Bulk shipping rates soaring
Unusually solid market led by Chinese government
HIDETO MOTOIKE, Nikkei staff writer
TOKYO -- Bulk shipping charges are at unusually high levels for this time of year. Prices for large vessels carrying commodities such as iron ore, coal and grains usually fall during the summer because of fewer shipping contracts. This year, however, they have rebounded sharply from an early-July low and remain strong ahead of the fall, when demand usually recovers. The major driver behind the rally is China's growing crude steel production and higher steel prices.
On Sept. 8, the average charge for a capesize cargo ship that can carry some 170,000 tons of iron ore exceeded $20,000 per day, a level not seen since late March. Compared to a low in early July, it is up more than three times. Thanks to an increase of goods coming into China from Brazil and Australia, the sense of oversupply in the bulk shipping market has eased.
China is producing crude steel at a record pace. Infrastructure investment has been strong ahead of a key Communist Party congress in October. Demand for steel for construction use is not showing any sign of abating. Demand also increased thanks to a government crackdown on low-quality steel. The illegal steel -- made by simply melting and molding iron scrap -- is said to have been used widely across China. The government cracked down on producers of the illegal steel. Legitimate steelmakers then increased production to make up for the lost supply, also pushing up demand for iron ore significantly.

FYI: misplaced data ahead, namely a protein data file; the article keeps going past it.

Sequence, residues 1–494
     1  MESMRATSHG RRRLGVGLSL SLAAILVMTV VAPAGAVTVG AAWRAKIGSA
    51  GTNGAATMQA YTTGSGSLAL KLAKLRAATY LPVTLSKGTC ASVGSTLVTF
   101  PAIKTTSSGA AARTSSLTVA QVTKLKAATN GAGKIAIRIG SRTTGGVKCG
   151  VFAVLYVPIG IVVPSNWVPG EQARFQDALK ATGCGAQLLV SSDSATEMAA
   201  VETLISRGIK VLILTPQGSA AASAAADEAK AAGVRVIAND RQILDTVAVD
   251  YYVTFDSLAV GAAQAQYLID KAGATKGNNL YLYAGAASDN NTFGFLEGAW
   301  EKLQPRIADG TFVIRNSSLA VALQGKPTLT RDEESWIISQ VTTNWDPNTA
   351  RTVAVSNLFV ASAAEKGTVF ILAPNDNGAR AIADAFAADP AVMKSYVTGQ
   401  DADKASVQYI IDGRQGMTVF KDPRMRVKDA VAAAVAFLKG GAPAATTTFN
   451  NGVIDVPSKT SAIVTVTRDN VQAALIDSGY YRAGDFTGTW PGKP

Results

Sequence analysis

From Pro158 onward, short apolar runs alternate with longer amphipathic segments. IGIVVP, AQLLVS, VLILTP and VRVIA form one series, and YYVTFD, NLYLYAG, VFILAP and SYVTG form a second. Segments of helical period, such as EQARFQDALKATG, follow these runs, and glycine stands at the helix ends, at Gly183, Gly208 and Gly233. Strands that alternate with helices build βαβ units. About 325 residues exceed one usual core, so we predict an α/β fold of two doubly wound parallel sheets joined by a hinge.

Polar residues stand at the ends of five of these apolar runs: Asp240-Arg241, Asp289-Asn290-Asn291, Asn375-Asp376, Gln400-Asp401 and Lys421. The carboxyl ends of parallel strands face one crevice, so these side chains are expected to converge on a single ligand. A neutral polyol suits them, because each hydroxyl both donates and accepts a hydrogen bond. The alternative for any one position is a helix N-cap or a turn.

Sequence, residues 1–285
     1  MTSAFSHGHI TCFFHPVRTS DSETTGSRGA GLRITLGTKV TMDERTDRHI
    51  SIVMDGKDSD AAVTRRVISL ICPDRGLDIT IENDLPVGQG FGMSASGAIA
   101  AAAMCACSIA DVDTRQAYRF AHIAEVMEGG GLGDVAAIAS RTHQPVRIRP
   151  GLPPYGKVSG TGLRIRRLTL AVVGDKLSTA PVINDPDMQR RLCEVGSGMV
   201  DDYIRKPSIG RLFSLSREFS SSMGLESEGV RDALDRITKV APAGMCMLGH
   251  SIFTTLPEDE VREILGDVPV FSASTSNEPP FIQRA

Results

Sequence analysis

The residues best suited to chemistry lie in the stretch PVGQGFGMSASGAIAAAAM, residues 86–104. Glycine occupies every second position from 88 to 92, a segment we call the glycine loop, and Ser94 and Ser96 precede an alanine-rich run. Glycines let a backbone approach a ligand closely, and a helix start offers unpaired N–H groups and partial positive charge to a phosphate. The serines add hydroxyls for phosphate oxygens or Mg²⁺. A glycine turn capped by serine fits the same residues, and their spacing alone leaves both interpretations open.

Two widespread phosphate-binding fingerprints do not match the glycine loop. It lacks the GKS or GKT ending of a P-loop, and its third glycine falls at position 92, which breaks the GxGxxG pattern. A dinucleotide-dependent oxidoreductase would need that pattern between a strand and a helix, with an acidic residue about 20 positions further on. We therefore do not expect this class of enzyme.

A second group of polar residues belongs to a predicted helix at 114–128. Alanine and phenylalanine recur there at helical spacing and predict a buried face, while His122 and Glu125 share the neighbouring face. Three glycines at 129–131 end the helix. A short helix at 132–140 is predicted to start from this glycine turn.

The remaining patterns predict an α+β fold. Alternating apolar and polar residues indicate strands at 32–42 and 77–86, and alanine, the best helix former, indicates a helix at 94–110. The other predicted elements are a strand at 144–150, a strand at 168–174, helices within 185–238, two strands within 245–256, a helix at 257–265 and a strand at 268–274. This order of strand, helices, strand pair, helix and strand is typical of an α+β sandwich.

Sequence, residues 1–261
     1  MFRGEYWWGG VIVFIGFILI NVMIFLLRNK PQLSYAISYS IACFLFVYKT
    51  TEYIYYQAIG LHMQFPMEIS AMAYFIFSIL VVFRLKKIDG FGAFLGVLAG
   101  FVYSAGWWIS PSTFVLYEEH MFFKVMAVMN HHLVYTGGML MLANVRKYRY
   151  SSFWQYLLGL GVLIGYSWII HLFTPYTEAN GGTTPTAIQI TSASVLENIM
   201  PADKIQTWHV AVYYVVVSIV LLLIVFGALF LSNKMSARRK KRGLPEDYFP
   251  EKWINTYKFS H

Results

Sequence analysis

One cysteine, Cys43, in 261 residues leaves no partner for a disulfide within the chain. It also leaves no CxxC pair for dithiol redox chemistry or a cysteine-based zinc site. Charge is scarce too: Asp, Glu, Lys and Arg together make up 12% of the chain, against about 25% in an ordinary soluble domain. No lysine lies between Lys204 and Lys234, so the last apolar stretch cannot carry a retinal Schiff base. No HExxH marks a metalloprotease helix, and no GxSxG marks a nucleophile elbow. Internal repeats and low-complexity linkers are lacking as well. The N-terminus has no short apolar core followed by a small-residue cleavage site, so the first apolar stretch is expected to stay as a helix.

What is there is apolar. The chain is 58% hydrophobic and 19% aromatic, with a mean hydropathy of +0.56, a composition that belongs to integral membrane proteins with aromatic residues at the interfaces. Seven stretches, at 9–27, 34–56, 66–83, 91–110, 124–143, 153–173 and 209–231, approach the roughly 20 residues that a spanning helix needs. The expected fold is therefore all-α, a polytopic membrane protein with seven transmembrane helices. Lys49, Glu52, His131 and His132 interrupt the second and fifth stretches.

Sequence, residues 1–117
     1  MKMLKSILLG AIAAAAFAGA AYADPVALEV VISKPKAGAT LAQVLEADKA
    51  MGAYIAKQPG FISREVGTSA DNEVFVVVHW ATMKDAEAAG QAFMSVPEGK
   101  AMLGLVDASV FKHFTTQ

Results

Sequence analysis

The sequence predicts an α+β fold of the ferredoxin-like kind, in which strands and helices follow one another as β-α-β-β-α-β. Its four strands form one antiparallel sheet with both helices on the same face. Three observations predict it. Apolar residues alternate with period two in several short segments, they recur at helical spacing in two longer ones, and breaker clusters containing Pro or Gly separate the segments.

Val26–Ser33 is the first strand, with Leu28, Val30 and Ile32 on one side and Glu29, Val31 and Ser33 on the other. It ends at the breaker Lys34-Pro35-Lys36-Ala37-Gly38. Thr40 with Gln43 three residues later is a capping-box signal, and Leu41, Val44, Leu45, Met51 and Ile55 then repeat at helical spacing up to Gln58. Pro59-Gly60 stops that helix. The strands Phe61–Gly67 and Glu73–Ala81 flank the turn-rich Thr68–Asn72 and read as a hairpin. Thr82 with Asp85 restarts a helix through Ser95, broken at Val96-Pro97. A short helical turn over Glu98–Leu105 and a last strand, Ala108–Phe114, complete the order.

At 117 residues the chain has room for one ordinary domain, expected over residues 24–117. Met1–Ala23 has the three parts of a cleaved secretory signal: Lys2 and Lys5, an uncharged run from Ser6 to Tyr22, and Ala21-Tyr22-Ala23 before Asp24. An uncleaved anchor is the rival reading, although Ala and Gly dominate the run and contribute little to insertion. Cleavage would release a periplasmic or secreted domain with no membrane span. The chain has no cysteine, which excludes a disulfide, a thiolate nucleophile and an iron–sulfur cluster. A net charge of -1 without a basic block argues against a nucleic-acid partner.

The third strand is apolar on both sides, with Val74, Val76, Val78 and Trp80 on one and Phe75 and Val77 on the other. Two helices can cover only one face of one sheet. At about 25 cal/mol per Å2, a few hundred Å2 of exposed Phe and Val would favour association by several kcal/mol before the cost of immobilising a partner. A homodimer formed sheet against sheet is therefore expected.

Tighter environmental regulations by the Chinese government have also increased iron ore imports. Steelmakers import and use high-grade iron ore that contains large amounts of iron in order to increase production efficiency and to reduce air pollutants. "Imported iron ore is sold to steelmakers right away without being stocked," said one carrier broker.
Led by the rise in steel prices, the price of iron ore has been at high levels. Shipping companies are feeling less pressure to lower rates from commodity giants paying the freight charges for their exports. As a result, rates on Chinese routes from Brazil and Australia have gone up about 60-80% since early July.
Yet tighter environmental regulations can cause rates to fall back again. Major production bases in China, such as Hebei Province, have already decided to drastically cut production this winter as a measure to improve China's ever-deteriorating air quality. If production is cut, steel prices will likely rise further but demand for iron ore will fall. "The Chinese government is sensitive to changes in the market and it will probably increase [steel] production by relaxing rules if steel prices rise rapidly," said another shipping carrier broker. Many brokers share the same view but there is no guarantee that the current upbeat market will continue.
The bulk shipping market is generally prone to big swings in prices. The recent increase in steel production and iron ore imports is also partly due to a last-minute surge in demand ahead of the announced output cut. How high the market will go probably depends on what the Chinese government wants.